A secure pork supply plan for the US is the next step. Within the secure pork supply plan, there is a module on biosecurity that includes a biosecurity checklist, manuals, templates, premises mapping for biosecurity, biosecurity forms and example plans. Its goal is to implement biosecurity and biocontainment measures to keep pathogens off the farm and to help prevent spread of a disease. The biosecurity module is designed to enable auditing by a third party. Principal gaps and threats to the pork industry include swill/plate waste feeding, pig contact with illegal entry of meat or meat scraps, pig contact with feral pigs/wild boar, contaminated feed components that could circumvent biosecurity processes, and the large number and variety of farms.

Presentation 1.11: Biosecurity within the Border - PDF Presentation (6,120 kb)

Open forum

4.3 Approaches to managing spread in wildlife: examples from the field

Moderator: Caroline Ladanowski, Director, Wildlife Management and Regulatory Affairs, Canadian Wildlife Service, Environment and Climate Change Canada

Dr. Petr Satran, Head of Animal Health and Welfare Unit, State Veterinary Administration, Czech Republic

Dr. Satran provided an overview of the process to eradicate ASF in wild boar in the Czech Republic. The first ASF positive carcass was located on June 26, 2017 in an urban area. A total of 230 cases were found over 228 days. All cases were detected within the same zone, and there was no outbreak of ASF in domestic pigs. The main source of infection appears to be from cadavers, which remain infectious for a long time. The virus also persists in the environment. The stocking density of wild boar in the infected area was not precisely known but was thought to be relatively high. The lethality of the virus is high (95%), while the contagiosity is low (10%). The collection and disposal of carcasses is one of the most important steps in ASF control and eradication. Financial incentives were offered to hunters for reporting carcasses, which were then removed under biosecure protocols. Biosecurity measures for domestic pigs in the infected area were increased and included banning pigs in backyard farms, requiring farmers to report all sick/dead pigs which were then tested for ASF, and requiring authorization for the transport of pigs. The day following detection of ASF in wild boar, all hunting was banned in the infected area. Later on in the outbreak, hunting of wild boar was allowed only for selected and trained hunters who received compensation. All hunted and found dead wild boar were handled and moved under strict biosecurity measures and disposed in a biosecure rendering plant. The final depopulation of wild boar in the infected area was done by police snipers, again under strict biosecurity protocols.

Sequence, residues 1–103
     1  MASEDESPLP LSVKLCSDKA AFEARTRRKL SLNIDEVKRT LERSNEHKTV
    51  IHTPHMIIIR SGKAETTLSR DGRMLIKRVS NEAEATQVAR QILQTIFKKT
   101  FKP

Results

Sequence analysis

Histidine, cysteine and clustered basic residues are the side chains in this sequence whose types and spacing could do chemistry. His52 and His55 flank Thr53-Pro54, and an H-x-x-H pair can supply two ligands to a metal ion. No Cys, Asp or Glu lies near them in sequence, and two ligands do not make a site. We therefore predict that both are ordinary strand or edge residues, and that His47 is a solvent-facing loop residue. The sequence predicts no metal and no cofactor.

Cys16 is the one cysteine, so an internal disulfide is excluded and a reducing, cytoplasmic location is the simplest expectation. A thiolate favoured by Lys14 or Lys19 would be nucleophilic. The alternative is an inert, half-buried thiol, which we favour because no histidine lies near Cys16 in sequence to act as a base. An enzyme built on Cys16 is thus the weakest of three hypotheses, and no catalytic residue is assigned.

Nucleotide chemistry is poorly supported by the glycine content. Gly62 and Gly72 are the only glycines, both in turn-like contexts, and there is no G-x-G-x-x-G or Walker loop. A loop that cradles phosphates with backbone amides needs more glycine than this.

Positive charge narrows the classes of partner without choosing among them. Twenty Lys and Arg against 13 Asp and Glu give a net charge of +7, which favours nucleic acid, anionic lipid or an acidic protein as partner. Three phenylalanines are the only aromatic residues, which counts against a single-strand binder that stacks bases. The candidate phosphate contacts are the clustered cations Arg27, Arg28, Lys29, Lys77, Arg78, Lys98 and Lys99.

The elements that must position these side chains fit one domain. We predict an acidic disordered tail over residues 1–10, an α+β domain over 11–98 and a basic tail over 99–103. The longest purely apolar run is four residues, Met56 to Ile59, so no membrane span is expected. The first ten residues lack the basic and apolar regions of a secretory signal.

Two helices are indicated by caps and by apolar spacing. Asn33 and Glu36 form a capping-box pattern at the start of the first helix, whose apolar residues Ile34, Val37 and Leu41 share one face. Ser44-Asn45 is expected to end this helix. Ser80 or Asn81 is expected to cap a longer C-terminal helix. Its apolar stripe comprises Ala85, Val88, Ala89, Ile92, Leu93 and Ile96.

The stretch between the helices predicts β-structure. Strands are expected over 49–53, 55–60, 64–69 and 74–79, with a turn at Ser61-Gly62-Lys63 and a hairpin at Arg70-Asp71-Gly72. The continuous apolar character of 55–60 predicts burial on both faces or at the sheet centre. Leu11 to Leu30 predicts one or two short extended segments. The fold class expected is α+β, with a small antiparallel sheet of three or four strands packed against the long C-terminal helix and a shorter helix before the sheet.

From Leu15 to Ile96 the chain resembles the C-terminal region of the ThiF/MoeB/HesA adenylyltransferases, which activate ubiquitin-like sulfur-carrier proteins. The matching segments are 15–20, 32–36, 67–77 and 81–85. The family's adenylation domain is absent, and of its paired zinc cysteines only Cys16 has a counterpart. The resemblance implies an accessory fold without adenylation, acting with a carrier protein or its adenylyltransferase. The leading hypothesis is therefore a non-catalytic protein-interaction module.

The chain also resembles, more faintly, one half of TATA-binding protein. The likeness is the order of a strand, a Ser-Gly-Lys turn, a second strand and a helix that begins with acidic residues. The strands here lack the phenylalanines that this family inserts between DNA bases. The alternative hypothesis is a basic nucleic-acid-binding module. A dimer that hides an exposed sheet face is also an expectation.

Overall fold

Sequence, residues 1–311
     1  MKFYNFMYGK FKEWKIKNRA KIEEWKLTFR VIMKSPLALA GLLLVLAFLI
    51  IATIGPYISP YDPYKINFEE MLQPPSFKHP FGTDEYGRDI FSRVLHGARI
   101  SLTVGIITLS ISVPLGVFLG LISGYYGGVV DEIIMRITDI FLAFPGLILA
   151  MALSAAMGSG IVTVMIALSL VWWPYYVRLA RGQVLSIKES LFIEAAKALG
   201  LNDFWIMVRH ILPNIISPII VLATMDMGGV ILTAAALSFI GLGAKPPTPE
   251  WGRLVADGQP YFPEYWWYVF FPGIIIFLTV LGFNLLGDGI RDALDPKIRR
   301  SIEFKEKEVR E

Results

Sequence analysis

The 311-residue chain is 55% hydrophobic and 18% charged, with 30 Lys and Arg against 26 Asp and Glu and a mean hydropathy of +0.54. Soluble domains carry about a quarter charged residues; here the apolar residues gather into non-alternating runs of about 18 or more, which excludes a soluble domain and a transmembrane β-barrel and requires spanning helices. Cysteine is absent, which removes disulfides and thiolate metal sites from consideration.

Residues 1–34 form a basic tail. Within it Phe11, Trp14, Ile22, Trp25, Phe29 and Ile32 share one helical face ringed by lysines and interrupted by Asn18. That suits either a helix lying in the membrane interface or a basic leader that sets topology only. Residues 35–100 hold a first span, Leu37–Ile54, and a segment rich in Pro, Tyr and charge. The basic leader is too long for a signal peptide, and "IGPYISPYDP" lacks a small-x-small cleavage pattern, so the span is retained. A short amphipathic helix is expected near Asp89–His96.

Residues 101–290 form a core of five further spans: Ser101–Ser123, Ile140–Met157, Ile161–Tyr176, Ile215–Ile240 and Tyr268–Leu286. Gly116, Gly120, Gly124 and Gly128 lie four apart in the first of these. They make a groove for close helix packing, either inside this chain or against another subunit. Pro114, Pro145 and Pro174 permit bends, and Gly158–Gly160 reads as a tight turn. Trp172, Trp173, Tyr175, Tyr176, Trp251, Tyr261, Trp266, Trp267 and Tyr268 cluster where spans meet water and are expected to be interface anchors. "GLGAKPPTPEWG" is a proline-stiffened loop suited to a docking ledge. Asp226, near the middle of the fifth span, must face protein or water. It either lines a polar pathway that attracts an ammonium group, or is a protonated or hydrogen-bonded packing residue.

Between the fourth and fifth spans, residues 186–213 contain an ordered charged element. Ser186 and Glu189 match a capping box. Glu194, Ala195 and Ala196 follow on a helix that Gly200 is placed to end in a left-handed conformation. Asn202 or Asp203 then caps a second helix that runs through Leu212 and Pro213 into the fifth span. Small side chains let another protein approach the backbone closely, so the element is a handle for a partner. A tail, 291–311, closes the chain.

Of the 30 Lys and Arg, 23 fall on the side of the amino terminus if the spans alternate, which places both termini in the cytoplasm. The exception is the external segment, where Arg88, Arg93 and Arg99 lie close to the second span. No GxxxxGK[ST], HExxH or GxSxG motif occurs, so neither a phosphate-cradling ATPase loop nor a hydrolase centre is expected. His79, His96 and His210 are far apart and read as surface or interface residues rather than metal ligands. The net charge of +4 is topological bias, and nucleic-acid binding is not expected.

Presentation 2.1: African swine fever in wild boar in the Czech Republic - PDF (4,510 kb)

Dr. Dale Nolte, Feral Swine Program Manager, Animal and Plant Health Inspection Service (APHIS), U.S. Department of Agriculture (USDA), USA

Dr. Nolte spoke about the National Feral Swine Damage Management Program. Feral swine have been called "the world's worst invasive alien species." In 2012, there were 36 states with feral swine populations, up from 17 in 1982. The overall objective of the program is to minimize damage inflicted by feral swine and to implement strategies to eliminate feral swine in states with emerging or low populations. Program components include field operations, disease and population monitoring, research, planning, evaluation and monitoring, communication and outreach and regulatory actions. Interaction of feral swine and domestic livestock is high, with 40% of farms reporting feral swine interaction in the pasture. Recommended biosecurity measures to mitigate transmission of ASF between feral swine and domestic pigs include fencing and double fencing, confinement of domestic pigs, and biosecure storage of feed. It is expected that ASF would likely first occur in the feral swine population rather than domestic pigs. Surveillance of the feral population is therefore important and looks for morbidity and mortality.

A response effort would aim at eradication, with immediate culling within a 4km radius to remove all pigs, and population reduction at least 10km farther out. Key challenges include delayed detection leading to an increased area of infection, illegal movement of feral swine, and unknowns around the role of ticks.

Presentation 2.2: National Feral Swine Damage Management Program - PDF (3,410 kb)

Dr. Roberto Navarro Lopez, Director, Exotic Animal Disease Commission, SENASICA, Mexico